Wednesday, October 20, 2021

CST 311 - Week 8

Secure Sockets Layer (SSL)



This week was a bit short as it is our last week, but we did cover a couple new topics. SSL is used to enhance TCP with security services: confidentiality (encryption), data integrity (no modifications), and end-point authentication (no unauthorized access). Although it technically resides in the application layer, SSL is often considered part of the transport protocol. SSL adds on to TCP's handshake procedure by using session keys for encryption and data integrity (MAC keys). Note that there are four session keys used here, 2 for encryption and 2 for integrity, and each host possesses one of each. SSL also uses its own sequence numbers, which are not included in data records themselves, but rather are included in the hash calculation for the MAC keys.

Firewalls


The last thing I want to go over is firewalls. Firewalls have 3 goals: for all traffic in each direction to pass through them, to only allow authorized traffic to pass (as defined by local security policy), and to be immune to penetration or compromise. A traditional packet filter may make filtering decisions based on source or destination IP and/or port, protocol type, TCP flag bits, ICMP message type, or other custom rules. An example of packet filtering would be to drop all outgoing packets to port 80 to deny outside web access, or to drop packets with a TCP ACK bit set to 0 to prevent external clients from connecting to internal servers. Stateful packet filters make decisions based on currently active connections. For example, allowing packets to pass through if they are associated with a known connection. 

Firewalls alone are not enough to secure a network. For even finer security, firewalls can be combined with application gateway servers. These servers are application-specific, so a different application gateway is needed for every application. They allow for more control over internet application or user activity, such as preventing a certain host from using telnet. Policy decisions are based on application data. Finally, intrusion detection systems (IDS) can be used for deep packet inspection. Signature-based systems, for example, compare each packet to tens of thousands of signatures. If a packet matches a signature, the system will trigger that a potentially malicious packet has arrived. Anomaly-based systems look for unusual traffic activity, such as flood of ICMP packets, but can sometimes flag legitimate traffic. Most IDS are signature-based but may include some anomaly-based features.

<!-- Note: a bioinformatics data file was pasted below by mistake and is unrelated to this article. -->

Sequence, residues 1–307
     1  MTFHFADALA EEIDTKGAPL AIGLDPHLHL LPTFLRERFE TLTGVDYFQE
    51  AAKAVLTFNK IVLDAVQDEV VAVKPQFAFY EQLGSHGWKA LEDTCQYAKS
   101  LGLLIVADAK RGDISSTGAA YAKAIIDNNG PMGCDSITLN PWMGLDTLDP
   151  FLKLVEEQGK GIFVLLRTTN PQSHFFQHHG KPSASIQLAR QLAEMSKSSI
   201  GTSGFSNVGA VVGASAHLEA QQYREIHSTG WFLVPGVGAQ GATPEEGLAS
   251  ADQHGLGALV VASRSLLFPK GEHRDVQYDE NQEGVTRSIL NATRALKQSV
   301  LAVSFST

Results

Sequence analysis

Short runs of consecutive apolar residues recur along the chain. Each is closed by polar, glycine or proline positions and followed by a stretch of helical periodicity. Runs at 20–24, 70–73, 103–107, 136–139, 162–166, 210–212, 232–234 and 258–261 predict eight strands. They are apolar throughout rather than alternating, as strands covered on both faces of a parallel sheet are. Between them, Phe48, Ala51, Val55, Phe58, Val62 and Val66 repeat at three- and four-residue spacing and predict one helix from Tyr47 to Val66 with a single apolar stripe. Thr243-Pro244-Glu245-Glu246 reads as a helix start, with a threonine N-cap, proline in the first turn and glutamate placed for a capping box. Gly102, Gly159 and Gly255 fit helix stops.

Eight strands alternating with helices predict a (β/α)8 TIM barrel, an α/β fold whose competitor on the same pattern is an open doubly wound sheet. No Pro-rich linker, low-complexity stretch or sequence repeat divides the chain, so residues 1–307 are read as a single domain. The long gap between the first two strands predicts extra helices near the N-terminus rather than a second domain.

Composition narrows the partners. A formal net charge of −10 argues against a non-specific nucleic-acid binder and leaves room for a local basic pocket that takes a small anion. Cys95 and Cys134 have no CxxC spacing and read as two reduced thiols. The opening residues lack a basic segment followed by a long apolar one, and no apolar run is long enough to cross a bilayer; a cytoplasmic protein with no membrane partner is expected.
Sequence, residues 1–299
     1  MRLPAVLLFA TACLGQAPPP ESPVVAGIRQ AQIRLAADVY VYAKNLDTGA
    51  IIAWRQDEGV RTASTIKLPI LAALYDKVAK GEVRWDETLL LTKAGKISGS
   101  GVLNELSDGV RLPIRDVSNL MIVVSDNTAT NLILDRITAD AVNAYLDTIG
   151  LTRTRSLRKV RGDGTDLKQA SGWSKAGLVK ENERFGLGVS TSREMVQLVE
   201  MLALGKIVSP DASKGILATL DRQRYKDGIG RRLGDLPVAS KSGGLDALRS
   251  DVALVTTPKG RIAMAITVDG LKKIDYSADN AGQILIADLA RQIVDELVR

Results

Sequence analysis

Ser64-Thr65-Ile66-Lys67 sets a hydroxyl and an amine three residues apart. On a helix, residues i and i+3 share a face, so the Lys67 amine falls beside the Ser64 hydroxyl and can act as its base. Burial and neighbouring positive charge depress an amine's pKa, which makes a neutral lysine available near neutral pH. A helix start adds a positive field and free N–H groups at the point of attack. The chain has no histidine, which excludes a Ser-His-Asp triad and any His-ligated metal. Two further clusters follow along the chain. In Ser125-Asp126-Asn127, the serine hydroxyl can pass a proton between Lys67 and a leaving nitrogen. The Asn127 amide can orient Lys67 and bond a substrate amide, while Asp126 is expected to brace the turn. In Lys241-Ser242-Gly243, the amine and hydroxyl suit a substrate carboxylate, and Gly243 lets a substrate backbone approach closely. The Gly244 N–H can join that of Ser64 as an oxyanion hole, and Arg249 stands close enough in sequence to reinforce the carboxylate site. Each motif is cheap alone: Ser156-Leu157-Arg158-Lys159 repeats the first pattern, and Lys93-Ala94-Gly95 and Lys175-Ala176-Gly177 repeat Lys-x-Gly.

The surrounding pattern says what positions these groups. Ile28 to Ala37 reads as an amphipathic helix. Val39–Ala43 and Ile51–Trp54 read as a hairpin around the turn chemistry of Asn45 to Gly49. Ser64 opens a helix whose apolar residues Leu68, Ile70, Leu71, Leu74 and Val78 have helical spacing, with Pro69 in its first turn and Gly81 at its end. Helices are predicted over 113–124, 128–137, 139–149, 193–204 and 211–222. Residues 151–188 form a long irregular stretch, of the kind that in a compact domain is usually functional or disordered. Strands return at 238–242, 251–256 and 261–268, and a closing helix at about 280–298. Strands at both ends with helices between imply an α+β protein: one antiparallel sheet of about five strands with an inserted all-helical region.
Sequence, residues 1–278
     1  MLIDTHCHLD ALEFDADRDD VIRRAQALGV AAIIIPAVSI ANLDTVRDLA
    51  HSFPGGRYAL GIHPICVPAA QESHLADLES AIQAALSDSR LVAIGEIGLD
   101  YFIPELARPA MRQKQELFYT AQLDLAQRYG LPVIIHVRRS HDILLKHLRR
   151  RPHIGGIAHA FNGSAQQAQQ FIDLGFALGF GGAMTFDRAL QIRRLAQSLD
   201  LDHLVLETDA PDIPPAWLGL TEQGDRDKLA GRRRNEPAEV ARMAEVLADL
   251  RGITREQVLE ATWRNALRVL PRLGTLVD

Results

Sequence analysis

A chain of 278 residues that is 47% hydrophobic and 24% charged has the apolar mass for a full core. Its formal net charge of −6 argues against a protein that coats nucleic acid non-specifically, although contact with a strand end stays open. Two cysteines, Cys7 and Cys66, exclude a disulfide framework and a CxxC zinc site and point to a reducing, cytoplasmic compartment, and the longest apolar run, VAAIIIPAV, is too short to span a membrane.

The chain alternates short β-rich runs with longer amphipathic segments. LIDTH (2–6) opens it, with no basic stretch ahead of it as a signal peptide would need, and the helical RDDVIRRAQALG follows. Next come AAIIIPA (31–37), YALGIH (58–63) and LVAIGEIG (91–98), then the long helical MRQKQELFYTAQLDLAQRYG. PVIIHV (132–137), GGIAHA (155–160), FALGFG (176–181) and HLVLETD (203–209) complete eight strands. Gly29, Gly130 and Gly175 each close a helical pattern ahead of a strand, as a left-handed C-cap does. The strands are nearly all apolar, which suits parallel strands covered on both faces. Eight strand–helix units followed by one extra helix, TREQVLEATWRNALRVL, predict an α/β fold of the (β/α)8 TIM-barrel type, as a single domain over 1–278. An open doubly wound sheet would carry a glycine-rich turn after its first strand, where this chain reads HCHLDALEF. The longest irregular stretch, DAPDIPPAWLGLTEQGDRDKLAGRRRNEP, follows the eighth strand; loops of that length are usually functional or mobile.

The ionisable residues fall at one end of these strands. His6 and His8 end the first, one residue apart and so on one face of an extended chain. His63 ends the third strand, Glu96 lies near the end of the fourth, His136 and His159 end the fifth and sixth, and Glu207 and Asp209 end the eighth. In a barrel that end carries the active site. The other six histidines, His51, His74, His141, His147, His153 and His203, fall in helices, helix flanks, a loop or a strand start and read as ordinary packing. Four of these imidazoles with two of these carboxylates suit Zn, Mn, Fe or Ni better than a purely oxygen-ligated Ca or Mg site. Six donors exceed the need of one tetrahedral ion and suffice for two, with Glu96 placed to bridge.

Tuesday, October 19, 2021

CST 311 - Week 7

Link-layer switches


This week I learned more about switches. Switches are similar to routers because they are responsible for forwarding packets. However, switches are level 2 network devices so they have no concept of an IP address (which routers use for forwarding). Instead, they use MAC addresses for forwarding. A MAC address is a unique address assigned to a device. Although MAC addresses were originally meant to be permanent, they are now able to be changed remotely. Regardless, the IEEE manages MAC address space and assigns chunks of it to organizations, similar to how IP addresses are managed and assigned. This ensures that MAC addresses are unique to devices

In order for a host to send an IP datagram, it must have not only a destination IP address but also a destination MAC address. If the destination IP address is on the same subnet as the sender, then the destination MAC address will be that of the receiving host. The switch will thus forward the datagram directly to the receiver. If the destination IP address is on another subnet, the destination MAC address will be the local router interface. In that case, the switch will forward the datagram to the router, and the router will use the IP address in the enclosed datagram to forward the datagram to the appropriate outbound link.